The model to be tested postulates a priori that operational flexibility has, indeed, influenced hospital performance through employee engagement and management capability. As we believe that this is a rare attempt to quantify operational flexibility for medical service industries, especially in teaching hospitals in a developing country setting, we prefer to set a fairly simple structural model of a one-to-one relationship of the latent variables, i.e., operational flexibility, employee engagement, management capability, and hospital performance. The items were loaded onto respective factors of operational flexibility consisting of: input flexibility (was measured by 5 items), outcome flexibility (was measured by 5 items), process flexibility (was measured by 3 items), employee engagement (was measured by 12 items), management capability (was measured by 6 items), hospital performance consisting of process orientation (was measured by 9 items), work condition (was measured by 3 items), clinical quality (was measured by 4 items), patient satisfaction (was measured by 4 items), financial performance (was measured by 3 items), and operational efficiency (was measured by 4 items). The reliability of each is influenced by random measurement error; as indicated by the associated error term, each of these observed variables is regressed on its respective factor.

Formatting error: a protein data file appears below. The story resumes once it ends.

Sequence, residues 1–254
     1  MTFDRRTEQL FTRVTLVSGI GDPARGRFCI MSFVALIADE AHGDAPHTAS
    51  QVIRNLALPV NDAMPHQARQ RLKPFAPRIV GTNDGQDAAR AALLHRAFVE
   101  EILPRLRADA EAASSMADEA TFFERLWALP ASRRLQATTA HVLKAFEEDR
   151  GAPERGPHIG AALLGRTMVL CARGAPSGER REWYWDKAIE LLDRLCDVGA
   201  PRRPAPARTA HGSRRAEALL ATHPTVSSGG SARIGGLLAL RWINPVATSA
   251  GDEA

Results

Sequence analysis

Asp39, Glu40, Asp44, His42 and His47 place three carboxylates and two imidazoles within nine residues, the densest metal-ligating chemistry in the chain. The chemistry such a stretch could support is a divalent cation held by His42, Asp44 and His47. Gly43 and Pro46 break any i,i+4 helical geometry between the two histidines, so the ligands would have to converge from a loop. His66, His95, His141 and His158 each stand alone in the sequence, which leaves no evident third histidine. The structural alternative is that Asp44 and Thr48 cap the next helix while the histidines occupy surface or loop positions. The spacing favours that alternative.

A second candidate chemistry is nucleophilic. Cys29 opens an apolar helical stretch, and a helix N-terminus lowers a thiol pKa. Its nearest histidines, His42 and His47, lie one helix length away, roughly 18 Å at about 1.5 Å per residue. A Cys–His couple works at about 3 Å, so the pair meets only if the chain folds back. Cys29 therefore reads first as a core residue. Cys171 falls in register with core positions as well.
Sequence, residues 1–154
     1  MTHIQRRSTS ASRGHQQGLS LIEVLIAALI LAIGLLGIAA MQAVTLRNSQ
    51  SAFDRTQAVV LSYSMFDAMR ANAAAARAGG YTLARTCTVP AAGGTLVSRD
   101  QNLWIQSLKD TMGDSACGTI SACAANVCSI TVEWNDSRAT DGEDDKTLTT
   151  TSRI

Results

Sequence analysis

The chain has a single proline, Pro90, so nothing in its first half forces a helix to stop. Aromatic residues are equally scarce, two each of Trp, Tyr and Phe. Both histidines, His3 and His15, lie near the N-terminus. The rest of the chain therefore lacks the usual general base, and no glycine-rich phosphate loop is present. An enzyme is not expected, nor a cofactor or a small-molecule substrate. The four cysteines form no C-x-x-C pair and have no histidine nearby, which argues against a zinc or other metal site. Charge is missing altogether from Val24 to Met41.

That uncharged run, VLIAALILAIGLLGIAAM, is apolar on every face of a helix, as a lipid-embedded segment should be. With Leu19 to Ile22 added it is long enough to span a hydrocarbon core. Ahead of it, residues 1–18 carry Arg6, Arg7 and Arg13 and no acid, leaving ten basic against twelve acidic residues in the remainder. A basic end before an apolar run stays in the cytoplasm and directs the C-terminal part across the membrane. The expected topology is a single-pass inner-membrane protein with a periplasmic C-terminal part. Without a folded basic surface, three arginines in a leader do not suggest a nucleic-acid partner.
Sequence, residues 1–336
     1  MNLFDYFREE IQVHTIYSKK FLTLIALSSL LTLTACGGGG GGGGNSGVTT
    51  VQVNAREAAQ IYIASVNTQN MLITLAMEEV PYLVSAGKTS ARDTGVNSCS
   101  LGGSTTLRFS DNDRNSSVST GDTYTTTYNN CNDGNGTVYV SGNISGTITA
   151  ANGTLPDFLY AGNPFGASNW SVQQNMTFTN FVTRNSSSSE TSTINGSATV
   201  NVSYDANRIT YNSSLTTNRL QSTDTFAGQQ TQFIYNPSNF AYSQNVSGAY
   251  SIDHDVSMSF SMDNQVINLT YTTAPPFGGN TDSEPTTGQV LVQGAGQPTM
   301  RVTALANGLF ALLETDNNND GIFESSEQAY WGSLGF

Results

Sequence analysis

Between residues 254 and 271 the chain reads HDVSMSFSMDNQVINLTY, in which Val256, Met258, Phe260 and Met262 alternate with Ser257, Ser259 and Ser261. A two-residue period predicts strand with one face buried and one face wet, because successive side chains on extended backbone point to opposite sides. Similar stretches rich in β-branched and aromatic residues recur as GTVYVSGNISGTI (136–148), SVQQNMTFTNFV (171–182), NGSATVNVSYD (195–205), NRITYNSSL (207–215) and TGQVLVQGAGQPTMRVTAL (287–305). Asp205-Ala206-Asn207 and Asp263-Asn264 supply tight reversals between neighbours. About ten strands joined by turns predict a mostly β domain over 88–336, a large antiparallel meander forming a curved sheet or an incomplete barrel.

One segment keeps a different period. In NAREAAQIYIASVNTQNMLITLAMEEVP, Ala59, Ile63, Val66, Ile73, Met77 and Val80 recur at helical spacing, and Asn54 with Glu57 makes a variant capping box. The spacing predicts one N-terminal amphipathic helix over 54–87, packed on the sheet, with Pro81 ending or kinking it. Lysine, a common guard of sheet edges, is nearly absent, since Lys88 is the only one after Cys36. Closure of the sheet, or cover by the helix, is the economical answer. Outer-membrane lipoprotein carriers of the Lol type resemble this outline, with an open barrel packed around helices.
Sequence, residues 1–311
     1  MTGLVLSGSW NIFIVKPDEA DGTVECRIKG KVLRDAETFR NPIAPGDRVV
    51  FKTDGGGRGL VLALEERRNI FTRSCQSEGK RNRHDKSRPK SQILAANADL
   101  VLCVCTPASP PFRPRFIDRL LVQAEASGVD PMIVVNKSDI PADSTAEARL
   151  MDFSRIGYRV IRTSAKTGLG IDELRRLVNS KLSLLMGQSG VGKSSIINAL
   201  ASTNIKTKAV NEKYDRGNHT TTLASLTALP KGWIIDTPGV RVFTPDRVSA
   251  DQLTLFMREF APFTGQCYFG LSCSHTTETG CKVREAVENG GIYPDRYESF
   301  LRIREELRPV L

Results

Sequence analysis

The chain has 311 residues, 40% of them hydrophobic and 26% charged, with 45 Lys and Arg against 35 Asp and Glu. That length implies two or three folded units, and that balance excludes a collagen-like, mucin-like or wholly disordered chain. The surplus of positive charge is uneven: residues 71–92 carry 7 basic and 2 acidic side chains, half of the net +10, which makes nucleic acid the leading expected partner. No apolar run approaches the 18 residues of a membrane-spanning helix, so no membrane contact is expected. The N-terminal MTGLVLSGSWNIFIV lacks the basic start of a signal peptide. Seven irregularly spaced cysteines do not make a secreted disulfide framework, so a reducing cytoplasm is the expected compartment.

Hair Jr. [30] explained the three important types of modeling strategies that were emphasized, namely the model development strategy, the confirmatory modeling strategy, and the competing modeling strategy. Each of these three models represents a slightly different approach to modeling. The confirmatory approach is the most straightforward strategy. As understood by the name, the confirmatory factor approach allows researchers to define and unify a single model consisting of a specified number of hypothesis relationships and built according to real theories, and then apply SEM to assess the adequacy and accuracy of the model. In other words, the process is the confirmatory factor to obtain adequate support that the structural theoretical model fits and largely represents data. Secondly, the model strategy revolves to achieve testing of several examined models, i.e., comparing alternative models with aggregate models. Evaluating all the resulting models will lead to the best model that can represent the study data collected and is considered to be much stronger than testing only one model. The last stage is the work to develop a model strategy that basically adopts the basic theoretical framework and follows the adequacy and reasonableness of improving the framework through some adjustments to structural or measurement models. The model begins with a building based on theoretical provisions that is tested empirically and statistically using SEM modeling. Hence, it is possible to work on modifying the model based on the researcher’s judgments and opinions or according to suggestions based on the results of the modeling program used. Here, these re-specifications must be workable and theoretically applied in this study, and this work will follow the model development strategy.